In fact, Clarke suggests that we could call this metaphysical divorce "The Sad Adventure of Substance in Modern Philosophy from Descartes to Whitehead."

Another key idea that emerges from this view is that reality is intrinsically communicative. How's that? Well, let's start at the top (or bottom, if you like), with the Trinity. Obviously the Trinity is "communicative" within itselves, Father-to-Son, Son-to-Father, Holy Ghost to everyone, etc. There is nothing beneath, before, or above this eternal comm-union of love-in-relation. Or, just say Love, which is unthinkable in the absence of relation.

By the way, why can't it be Hate, as implied by Islamist theology or leftist vilification?

Because primordial hatred is always a severing, a rupture, a rejection, a failure of communion and integration. We will return to this idea shortly, as it is a central principle of Interpersonal Neurobiology. In fact, this entire coonversation will eventually lead back to and extend the ideas put forth in that book, i.e., to an interpersonal theoneurobiology.

As Clarke describes it, substance-in-relation "has an intrinsic dynamic orientation towards self-expressive action, toward self-communication with others, as the crown of its perfection, as its very raison d'tre, literally..." After all, if it's good enough for God, it ought to be good enough for the likes & loves of us, right?

To reiterate, a certain kind of self-expression is the "crown of perfection" and our reason for being. I hope it doesn't sound like Brian Willams-level pomposity to say that this is indeed my reason for being. Not the only reason, but certainly the highest, as there is nothing I desire more than the knowledge of truth AND the ability to share and communicate it. The former would be a little anemic -- not to mention narcissistic or even Ønanistic -- in the absence of the positive joy of the latter (and this is naturally to be distinguished from the perverse joy of communicating lies, as in the case of an Obama or Williams).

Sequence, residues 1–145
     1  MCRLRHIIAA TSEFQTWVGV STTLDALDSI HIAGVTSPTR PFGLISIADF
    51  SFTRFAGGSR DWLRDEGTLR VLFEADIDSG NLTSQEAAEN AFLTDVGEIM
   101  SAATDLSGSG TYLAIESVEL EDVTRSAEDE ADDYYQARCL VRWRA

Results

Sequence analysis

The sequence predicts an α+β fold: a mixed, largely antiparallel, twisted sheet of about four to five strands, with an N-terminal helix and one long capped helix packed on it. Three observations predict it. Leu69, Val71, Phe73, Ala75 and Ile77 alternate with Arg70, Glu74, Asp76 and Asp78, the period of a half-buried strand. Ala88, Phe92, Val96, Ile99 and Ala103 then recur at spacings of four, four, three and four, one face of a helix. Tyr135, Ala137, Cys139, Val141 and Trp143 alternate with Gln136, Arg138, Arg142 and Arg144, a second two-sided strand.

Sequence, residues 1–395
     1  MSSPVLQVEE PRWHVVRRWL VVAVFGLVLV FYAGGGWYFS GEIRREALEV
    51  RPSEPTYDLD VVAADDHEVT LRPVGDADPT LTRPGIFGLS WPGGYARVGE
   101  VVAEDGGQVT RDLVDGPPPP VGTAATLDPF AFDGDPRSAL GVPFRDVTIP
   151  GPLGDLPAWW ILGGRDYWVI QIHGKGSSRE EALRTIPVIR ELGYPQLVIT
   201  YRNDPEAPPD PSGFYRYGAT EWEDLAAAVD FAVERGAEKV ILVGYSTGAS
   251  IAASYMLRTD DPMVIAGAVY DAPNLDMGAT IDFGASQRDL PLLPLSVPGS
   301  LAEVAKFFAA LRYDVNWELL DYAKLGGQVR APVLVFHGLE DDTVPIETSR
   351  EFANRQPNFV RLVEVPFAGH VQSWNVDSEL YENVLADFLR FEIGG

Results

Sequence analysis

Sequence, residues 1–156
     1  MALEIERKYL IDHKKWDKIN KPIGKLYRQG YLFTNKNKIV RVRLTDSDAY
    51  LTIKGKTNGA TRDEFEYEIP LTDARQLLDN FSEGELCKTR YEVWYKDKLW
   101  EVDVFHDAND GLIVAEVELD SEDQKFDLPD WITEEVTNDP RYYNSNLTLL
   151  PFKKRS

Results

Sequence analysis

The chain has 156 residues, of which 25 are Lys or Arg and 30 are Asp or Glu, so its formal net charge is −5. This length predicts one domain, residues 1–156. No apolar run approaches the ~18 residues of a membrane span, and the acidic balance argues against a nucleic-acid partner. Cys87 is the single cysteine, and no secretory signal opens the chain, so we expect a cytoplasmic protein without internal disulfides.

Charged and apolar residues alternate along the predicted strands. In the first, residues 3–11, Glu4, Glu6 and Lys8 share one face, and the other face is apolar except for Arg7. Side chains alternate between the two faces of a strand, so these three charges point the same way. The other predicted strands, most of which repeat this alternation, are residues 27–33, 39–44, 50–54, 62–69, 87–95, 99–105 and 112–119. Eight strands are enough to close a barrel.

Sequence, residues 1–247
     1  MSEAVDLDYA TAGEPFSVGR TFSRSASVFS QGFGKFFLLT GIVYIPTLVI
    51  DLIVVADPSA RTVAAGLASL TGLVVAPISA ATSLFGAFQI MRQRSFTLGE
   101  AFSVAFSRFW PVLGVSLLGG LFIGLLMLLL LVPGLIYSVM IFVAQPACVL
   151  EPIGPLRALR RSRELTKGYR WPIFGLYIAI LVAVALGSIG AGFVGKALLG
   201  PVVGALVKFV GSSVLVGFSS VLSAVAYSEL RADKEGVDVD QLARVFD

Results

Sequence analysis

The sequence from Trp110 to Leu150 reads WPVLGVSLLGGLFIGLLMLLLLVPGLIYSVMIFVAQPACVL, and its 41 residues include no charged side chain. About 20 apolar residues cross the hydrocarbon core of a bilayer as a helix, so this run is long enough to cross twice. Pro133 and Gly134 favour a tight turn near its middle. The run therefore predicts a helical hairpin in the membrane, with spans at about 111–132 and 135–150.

Why should the communication of truth be such a joy? Again, if it's good enough for God...

Wednesday, February 04, 2015

Recreating a Realistic Lifestage

The book we are discussing -- the Pocket Guide to Interpersonal Neurobiology -- although suitable for lay readers, is not plagued by the usual agenda-driven PC activism masquerading as psychology. I would dock the author a few points for excessive use of liberal dog whistles such as empowerment, honor, impactful, and healing the planet, but overall it's an excellent summary of what I would consider to be the state of the art of what science can say about the art of human development.

In other words, back off man, he's a psychiatrist.

The book is interdisciplinary, but only up to a point. For example, these ideas are metapsychological but not metaphysical, so no consideration is given to the wider context in which the mind is situated.

Rather, the cosmos is assumed, as if just any cosmic conditions could give rise to something as strange as persons. I would say that Siegel stays within the boundaries of science, but that in so doing, greatly expands those boundaries by including the subject in an irreducible way. I mean, we've been doing the same thing for years, but we are obviously not sanctioned by the Conspiracy.

As alluded to a few days ago, while I have some issues with the field of IPNB, these are going to inevitable, if only because of the limitations of the scientific perspective. While Siegel does actually venture into quasi-religious territory, as a scientist he can only do so in a generic manner that is compatible with such mindfulness practices as Buddhism, yoga, centering prayer, etc., each of which has a real and measurable effect on the brain. He can't deal with such realities as grace, prayer, sin, rebirth, etc.